I f you think catfish is only for deep frying, you don’t know Catfish , a handy new cookbook in the “Savor the South” series published by the University of North Carolina Press. It’s co-authored by Memphis food writers Paul and Angela Knipple, and yes, they start with the basics: how to fry catfish (whole, steak, fillet, and popcorn) and how to put together the classic sides: hushpuppies, coleslaw, white beans, and pickled green tomatoes. There’s a whole lot more to this bewhiskered bottom feeder of the South’s waterways, lakes, and “farms,” however. The Knipples go international with recipes using catfish in baba ghanoush, empanadas, and samosas. They have instructions here for Nigerian, Indonesian, and Szechuan catfish stews. Salads, po’boys, and tacos are included too. And as for entrees, think Hungarian-Style Catfish Paprika with Sour Cream Noodles, Moroccan Catfish Tagine, Thai Green Catfish Curry, and, for a stateside taste of Woodstock nation, there’s Cross-Eyed Catfish with Wavy Gravy.But for a taste of catfish Memphis style, the Knipples name-check a number of locally run eateries familiar to many Memphis diners. Catfish Pudding? The authors’ recipe is a variation on the fish pudding (using cod) served at the annual Lenten Waffle Shop at Calvary Episcopal Church. Cajun Cabbage, to go with your catfish? It’s on the menu at Soul Fish, and though it may not be a traditional side in these parts, “it’s perfect even for the anticabbage crowd.” Casablanca restaurant is the source for the baba ghanoush recipe, but instead of shrimp, the Knipples substitute farm-raised catfish for its firmness and sweetness. And for a Mediterranean specialty with a Southern twist, see the makings for cold-smoke catfish from Andrew Michael Italian Kitchen.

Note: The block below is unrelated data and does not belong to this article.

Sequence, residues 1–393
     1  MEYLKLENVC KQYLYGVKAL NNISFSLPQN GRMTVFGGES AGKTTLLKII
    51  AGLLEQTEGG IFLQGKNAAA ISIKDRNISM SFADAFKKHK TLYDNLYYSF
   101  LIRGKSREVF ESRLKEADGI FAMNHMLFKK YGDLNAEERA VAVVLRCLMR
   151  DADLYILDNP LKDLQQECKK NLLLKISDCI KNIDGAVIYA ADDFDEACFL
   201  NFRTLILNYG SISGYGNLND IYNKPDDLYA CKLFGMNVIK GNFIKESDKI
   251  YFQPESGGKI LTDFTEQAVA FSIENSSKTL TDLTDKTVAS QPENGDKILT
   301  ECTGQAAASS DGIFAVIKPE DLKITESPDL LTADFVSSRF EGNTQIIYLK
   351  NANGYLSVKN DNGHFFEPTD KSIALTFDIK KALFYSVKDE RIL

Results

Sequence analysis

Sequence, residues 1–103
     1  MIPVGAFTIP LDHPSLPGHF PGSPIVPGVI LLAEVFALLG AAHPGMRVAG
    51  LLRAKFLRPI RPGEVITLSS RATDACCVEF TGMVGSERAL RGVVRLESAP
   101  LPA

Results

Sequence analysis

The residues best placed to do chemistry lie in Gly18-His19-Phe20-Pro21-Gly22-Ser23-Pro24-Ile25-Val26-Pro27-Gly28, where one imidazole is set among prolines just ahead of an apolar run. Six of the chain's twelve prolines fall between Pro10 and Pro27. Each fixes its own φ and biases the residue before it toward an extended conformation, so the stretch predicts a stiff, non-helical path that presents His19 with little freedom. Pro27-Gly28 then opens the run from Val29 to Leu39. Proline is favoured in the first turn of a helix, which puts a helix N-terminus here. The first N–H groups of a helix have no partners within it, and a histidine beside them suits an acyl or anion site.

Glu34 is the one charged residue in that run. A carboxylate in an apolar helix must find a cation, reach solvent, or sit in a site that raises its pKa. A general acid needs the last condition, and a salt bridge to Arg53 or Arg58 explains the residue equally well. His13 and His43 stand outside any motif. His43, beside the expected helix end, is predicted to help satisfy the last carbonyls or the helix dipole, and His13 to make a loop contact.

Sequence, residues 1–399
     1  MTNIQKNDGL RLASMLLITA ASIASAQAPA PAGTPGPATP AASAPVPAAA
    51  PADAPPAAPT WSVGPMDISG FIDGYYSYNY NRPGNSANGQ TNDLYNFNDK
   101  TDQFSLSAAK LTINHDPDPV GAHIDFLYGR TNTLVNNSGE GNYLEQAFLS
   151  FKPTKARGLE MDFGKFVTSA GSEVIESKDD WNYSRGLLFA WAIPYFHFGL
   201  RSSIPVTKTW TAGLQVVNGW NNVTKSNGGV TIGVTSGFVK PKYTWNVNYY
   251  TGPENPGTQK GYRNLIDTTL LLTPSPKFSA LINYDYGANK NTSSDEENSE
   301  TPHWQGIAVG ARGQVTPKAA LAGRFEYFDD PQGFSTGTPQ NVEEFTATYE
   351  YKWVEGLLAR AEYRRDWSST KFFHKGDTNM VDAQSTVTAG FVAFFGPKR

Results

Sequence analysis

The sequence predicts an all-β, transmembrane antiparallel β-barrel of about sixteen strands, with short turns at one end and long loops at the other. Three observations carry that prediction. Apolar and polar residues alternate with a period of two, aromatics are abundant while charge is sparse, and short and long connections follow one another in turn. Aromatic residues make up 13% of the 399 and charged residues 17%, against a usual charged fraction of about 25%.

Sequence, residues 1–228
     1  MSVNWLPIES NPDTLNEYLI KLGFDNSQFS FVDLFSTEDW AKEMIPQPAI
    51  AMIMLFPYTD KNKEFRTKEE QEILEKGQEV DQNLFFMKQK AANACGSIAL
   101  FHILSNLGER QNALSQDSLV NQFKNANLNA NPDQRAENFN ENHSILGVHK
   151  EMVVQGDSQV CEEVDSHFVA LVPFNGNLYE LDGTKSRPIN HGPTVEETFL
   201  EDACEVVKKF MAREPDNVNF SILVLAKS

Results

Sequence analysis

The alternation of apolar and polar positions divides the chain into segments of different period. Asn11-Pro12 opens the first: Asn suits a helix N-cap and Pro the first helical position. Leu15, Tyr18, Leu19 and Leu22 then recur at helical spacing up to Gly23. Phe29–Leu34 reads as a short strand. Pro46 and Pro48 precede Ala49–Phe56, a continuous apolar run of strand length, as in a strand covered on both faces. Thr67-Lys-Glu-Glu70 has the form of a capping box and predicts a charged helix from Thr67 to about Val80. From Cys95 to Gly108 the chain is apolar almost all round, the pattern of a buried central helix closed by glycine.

If all this sounds a little too fancy, consider what the Knipples call “the most difficult recipe in this book.” Food writer John T. Edge once called the same recipe, in an article he wrote for Garden & Gun magazine, among the “100 Southern Foods You Absolutely, Positively Must Eat Before You Die.”
It’s fried catfish.
But it’s not the easier to prepare, thick-sliced catfish. It’s thin-sliced (“a far more unusual beast,” according to the Knipples), and it’s a signature dish at Middendorf’s Restaurant in Manchac, Louisiana. To make it yourself, you’ll need a sharp knife and a steady hand to cut the fillets evenly and just so. You’ll know you’ve done right if, as the Knipples write, “the catfish comes out looking like huge flower petals practically floating on the plate.”
That’s a far cry from rag-bologna bait and an uncle’s trotlines that Angela and Paul Knipple recall from their childhoods, which they describe in their introduction to Catfish .
A far cry too from the humble fish that, the authors tell us, inspired songs by Bob Dylan, Muddy Waters, and, one might say, the music of George Gershwin — Porgy and Bess , remember, takes place on Charleston’s Catfish Row. It inspired a boy on a river raft too:
“About the first thing we done was to bait one of the big hooks with a skinned rabbit and set it and catch a cat-fish that was as big as a man. ... He would a been worth a good deal over at the village. They peddle out such a fish as that by the pound in the market house there; everybody buys some of him; his meat’s as white as snow and makes a good fry.”
The boy who knows as well as anybody that catfish meat is not only snow-white but makes “a good fry”? He’s Huckleberry Finn.